Pricing models for both consumers and business-to business customer relationships vary and continue to evolve. At-home consumer pricing can range from a simple pay-to-own experience at home to subscription and hybrid subscription models like the offers made by Viveport to premium VR headset owners. LBVR consumer pricing can range from tickets for individual experiences to tickets for unlimited game play across all games available at a venue within a set period of time. Pricing models for business-to-business relationships are even more diverse, ranging from per minute licensing to upfront payments for unlimited content use during a set period and revenue share options with minimum guarantees, etc. For content creators, the key to fairly negotiate each opportunity is understanding what the end consumer will pay (and for how long), the unique model that the LBVR operator has signed on for with the hardware manufacturer, and how the offering may scale.

"It is vital to offer competitive pricing without undervaluing the offer."

Make scaling a priority

Fink sustains that you need to scale fast in order to make money with VR. Right now, VR hardware manufacturers are not able to scale as fast as companies producing computers, for example, and the industry will soon move toward more standardization which will allow for a more easy funding of content and reduce the content gap that many manufacturers are suffering—especially in the LBVR space. The new Oculus Quest headset may be the solution to scaling free-roam VR content more easily, highlights Andal.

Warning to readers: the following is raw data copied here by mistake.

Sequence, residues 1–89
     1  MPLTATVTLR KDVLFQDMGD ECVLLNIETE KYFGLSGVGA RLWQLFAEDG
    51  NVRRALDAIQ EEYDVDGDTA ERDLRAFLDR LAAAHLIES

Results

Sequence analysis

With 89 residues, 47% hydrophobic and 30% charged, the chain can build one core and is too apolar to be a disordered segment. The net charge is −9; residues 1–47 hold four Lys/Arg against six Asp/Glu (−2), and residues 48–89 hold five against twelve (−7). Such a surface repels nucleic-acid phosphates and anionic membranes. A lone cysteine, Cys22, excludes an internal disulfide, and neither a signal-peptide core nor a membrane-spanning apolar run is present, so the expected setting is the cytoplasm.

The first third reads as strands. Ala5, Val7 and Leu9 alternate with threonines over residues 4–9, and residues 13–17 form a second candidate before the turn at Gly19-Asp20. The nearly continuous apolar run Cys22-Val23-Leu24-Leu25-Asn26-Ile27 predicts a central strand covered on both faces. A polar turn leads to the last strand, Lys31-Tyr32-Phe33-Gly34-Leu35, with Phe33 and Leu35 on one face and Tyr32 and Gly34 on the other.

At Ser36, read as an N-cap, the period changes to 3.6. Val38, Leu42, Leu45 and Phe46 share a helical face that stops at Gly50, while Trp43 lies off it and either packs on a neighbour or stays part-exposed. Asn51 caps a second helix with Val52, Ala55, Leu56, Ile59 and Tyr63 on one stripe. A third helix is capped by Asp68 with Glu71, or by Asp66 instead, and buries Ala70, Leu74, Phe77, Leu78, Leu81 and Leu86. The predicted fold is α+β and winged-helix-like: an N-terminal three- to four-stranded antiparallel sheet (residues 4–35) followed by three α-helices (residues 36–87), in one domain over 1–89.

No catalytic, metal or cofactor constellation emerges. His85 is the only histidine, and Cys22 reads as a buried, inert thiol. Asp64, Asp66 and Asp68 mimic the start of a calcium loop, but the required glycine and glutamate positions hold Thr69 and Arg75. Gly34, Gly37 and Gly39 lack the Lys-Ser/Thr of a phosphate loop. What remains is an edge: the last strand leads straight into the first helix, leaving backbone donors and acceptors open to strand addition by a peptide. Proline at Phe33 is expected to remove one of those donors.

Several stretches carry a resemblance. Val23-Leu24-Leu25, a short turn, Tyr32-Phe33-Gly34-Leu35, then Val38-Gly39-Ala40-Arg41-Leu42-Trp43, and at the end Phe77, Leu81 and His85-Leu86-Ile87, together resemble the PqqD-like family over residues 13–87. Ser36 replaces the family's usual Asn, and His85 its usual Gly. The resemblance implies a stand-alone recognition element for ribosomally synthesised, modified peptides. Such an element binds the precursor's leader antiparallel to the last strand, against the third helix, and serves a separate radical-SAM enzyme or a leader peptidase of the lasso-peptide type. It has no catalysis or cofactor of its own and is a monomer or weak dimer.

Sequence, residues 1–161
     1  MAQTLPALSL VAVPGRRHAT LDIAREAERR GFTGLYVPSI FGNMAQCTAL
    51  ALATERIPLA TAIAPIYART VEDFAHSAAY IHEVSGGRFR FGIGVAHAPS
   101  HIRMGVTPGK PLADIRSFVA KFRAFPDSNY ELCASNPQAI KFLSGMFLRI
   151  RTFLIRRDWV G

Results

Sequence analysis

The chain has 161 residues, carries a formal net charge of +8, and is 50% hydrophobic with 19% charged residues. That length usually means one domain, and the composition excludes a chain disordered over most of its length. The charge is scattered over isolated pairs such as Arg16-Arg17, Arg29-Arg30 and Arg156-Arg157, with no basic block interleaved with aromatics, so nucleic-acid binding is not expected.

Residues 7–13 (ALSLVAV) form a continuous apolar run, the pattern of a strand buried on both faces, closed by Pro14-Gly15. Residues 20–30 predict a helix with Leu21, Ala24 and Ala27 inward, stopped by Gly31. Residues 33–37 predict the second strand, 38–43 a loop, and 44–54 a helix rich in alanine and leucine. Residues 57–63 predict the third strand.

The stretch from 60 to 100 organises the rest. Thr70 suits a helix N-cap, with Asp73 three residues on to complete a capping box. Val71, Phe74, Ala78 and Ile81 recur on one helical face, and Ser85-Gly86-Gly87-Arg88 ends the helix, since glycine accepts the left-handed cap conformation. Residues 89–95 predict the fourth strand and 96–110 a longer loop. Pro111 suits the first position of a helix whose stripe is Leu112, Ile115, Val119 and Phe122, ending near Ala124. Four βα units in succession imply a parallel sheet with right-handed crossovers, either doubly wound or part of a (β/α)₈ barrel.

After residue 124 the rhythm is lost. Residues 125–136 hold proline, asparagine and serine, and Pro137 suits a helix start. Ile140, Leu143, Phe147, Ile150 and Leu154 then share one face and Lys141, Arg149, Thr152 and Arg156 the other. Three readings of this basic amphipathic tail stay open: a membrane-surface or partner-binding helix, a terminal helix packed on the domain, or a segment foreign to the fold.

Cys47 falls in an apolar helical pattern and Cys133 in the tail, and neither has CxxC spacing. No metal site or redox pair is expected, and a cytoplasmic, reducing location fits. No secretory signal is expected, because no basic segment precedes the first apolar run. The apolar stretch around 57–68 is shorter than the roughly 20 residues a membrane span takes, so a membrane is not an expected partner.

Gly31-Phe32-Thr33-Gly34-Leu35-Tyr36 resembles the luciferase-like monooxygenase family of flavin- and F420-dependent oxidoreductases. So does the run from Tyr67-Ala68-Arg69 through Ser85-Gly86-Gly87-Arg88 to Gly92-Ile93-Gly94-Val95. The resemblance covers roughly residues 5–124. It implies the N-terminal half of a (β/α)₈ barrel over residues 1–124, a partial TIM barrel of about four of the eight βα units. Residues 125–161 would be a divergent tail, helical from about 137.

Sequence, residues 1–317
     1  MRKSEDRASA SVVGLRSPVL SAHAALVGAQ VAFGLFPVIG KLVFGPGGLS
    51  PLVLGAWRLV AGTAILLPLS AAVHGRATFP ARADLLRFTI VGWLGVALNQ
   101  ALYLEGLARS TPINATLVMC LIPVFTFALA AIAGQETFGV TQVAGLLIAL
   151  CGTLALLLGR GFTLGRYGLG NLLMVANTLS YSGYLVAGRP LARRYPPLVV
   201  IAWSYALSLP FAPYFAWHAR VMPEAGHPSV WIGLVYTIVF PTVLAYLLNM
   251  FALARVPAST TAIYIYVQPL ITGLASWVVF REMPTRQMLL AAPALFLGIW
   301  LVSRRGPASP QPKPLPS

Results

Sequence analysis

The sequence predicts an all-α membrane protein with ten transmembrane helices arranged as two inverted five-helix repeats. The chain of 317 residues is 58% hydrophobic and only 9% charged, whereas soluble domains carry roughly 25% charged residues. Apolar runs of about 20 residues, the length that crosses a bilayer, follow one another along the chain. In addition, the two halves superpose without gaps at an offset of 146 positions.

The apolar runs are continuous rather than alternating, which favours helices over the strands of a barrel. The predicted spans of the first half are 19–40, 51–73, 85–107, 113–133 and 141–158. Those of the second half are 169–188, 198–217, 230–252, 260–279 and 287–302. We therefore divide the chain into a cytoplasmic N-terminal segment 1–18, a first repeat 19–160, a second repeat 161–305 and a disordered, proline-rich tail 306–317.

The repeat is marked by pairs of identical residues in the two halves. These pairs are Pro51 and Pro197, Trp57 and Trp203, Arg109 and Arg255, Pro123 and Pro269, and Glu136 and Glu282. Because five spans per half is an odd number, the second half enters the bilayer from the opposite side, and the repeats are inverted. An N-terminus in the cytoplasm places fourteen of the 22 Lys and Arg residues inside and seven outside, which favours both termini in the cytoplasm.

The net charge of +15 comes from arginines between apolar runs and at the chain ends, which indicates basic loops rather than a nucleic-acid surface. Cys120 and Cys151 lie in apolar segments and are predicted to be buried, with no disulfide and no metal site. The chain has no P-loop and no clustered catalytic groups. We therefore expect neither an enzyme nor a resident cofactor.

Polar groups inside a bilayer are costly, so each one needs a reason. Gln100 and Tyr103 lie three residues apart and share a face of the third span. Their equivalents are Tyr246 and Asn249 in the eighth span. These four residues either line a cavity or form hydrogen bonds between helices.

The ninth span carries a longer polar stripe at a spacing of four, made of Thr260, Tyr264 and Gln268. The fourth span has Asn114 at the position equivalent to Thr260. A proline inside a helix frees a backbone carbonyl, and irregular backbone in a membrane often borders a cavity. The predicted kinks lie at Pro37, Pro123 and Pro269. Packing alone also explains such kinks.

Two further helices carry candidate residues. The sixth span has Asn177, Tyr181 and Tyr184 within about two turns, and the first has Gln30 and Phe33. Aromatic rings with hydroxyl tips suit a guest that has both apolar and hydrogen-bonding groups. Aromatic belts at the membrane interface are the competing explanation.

The best way to scale right now is threefold: develop content, pricing and partnerships that allow you to scale fast. In addition to Secret Location’s development and distribution of premium content to a range of hardware and operator partners, Vertigo Games is also growing its focus to scale. For example, it recently launched a separate company called Vertigo Arcades. This expands their impact on the VR industry from being primarily a content development studio to also taking on distribution and working with LBVR partner Nomadic to launch custom content for them, using the IP of Arizona Sunshine—already a proven hit in another VR format. Make the most of your investment in the development of the characters, worlds and storylines of your VR content by extending its use across multiple SKUs for at-home and out-of-home offerings. Price in a manner that is competitive and develop relationships with the right IP holders all the way through to operators and hardware manufacturers that will award you with the greatest reach.

Laura Mingail
Laura Mingail is an award-winning marketer, strategist and thought-leader in the entertainment space. She founded Archetypes & Effects to provide organizations in storytelling industries with impactful strategy, marketing and business development support. She is also a contributing author and media commentator focused on innovative forms of storytelling and technologies.